Extra-terrestrial life may be just around the corner from Earth, in astronomical terms, on one of possibly habitable 4.5 billion planets in the Milky Way, according to a new research. Stars called red dwarfs may support planets on which life is possible. Six percent of red dwarfs in the galaxy have Earth-sized planets, which could be habitable, astronomers at the Harvard-Smithsonian Center for Astrophysics have estimated.
Red dwarf are the most common stars in the Milky Way, which means that the closest earth like planet could be just 13 light years away, not far in space terms.
Red dwarfs are smaller, cooler and fainter than our Sun and are not visible from Earth to the naked eye.But despite their relative dimness, they make up three out of every four stars in our galaxy, a total of 75 billion.
“We thought we would have to search vast distances to find an earth-like planet. Now we realize another Earth is probably in our own backyard, waiting to be spotted,” said Courtney Dressing, an astronomer who presented the finding at a press conference Wednesday at the Harvard-Smithsonian Center in Massachusetts.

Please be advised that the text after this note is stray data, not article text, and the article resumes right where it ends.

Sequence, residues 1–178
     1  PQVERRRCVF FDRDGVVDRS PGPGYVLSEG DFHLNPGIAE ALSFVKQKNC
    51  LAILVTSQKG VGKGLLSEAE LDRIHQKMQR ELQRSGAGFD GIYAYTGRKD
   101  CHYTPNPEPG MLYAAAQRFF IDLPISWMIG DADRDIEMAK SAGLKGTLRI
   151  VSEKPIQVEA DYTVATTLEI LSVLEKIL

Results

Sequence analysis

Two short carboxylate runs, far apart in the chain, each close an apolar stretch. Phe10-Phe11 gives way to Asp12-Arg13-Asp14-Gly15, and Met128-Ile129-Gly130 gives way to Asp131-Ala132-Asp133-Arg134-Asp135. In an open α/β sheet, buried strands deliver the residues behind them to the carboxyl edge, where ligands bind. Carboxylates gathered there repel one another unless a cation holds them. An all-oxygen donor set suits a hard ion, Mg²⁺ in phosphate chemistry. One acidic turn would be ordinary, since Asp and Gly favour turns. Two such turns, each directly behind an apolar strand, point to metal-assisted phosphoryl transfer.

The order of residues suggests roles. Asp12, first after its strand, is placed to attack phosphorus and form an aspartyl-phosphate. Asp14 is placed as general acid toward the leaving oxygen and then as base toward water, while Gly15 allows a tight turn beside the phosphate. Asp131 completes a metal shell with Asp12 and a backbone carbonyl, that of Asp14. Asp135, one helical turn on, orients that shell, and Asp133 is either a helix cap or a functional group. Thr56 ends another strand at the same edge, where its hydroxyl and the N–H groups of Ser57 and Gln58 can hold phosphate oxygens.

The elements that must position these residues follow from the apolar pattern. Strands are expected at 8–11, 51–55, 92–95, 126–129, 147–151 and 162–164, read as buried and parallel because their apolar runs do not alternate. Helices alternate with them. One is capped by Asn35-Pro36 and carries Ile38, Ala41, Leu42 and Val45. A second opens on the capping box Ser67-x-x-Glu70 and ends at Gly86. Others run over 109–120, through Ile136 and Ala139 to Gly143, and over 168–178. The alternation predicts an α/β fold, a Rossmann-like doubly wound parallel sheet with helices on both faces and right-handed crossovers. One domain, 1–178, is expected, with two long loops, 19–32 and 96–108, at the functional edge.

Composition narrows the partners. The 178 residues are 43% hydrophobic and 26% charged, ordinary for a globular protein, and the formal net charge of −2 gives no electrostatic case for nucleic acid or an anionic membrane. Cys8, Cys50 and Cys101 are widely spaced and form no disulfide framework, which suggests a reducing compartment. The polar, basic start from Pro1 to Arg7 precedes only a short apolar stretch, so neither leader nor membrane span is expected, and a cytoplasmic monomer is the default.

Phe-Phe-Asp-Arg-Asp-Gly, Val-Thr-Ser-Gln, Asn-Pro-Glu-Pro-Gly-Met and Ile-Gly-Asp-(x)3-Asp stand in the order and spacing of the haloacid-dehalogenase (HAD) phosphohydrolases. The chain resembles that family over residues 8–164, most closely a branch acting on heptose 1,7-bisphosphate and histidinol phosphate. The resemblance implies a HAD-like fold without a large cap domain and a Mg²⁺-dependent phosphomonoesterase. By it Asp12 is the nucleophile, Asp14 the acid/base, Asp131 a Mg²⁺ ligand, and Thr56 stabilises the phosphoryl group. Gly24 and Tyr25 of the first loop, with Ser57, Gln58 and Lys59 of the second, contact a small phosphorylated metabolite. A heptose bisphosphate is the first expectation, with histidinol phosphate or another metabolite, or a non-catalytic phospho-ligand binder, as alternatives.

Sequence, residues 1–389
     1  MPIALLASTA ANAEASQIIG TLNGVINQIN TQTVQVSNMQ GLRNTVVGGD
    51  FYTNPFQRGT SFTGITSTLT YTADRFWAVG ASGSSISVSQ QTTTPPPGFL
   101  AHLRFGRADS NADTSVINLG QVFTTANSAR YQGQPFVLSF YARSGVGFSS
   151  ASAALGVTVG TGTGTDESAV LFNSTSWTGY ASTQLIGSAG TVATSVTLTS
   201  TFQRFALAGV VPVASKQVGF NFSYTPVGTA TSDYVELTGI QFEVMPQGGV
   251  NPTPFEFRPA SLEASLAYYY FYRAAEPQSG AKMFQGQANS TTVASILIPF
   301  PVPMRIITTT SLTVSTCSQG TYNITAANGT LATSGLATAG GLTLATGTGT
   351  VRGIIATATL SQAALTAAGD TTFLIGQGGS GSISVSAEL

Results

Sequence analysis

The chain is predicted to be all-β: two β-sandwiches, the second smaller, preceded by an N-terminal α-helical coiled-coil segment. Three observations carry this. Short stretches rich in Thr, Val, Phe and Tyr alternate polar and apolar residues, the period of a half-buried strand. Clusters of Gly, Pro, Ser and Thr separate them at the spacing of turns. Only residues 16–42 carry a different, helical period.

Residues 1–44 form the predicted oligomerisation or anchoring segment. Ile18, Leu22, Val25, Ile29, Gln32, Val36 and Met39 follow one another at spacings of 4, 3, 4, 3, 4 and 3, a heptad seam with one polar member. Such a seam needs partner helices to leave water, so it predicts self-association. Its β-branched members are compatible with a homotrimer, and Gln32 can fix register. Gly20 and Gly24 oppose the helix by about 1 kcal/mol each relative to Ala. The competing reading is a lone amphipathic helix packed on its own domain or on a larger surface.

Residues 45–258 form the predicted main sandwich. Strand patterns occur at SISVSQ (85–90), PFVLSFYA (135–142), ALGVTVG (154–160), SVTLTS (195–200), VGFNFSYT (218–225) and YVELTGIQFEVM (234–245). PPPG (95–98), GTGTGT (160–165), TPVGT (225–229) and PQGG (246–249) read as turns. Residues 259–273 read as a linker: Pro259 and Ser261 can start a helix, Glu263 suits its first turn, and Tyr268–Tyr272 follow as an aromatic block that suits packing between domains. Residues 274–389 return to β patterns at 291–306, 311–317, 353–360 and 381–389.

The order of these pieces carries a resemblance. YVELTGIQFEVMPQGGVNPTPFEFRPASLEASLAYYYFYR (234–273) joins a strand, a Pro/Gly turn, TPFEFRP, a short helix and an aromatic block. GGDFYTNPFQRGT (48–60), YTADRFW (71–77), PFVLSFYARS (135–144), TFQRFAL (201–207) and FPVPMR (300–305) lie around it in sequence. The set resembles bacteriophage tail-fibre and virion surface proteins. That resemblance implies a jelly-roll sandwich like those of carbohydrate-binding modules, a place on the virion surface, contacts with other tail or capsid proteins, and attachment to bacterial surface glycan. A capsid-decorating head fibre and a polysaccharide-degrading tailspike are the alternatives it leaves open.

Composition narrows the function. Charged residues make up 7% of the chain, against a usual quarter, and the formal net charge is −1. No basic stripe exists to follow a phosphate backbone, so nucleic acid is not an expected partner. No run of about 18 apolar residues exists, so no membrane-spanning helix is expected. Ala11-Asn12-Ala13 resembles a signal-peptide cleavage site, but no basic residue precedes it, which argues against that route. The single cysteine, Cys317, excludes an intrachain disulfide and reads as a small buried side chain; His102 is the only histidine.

Dressing identified 95 planetary candidates orbiting red dwarf stars. According to the scientists’ estimates, 60 percent of red dwarfs could have planets orbiting them that could be smaller than Neptune.
Most were not quite the right temperature or size to be truly Earth-like, although three of the planets were warm and were approximately Earth-sized. Statistically therefore six percent of red dwarfs could have an Earth-like planet, scientists add.
“We don’t know for sure if life could exist on a planet orbiting a red dwarf, but the findings pique my curiosity and leave me wondering if the cosmic cradles of life are more diverse than we humans have imagined,” said Natalie Batalha, Kelper mission scientist at NASA’s Ames Research Center.
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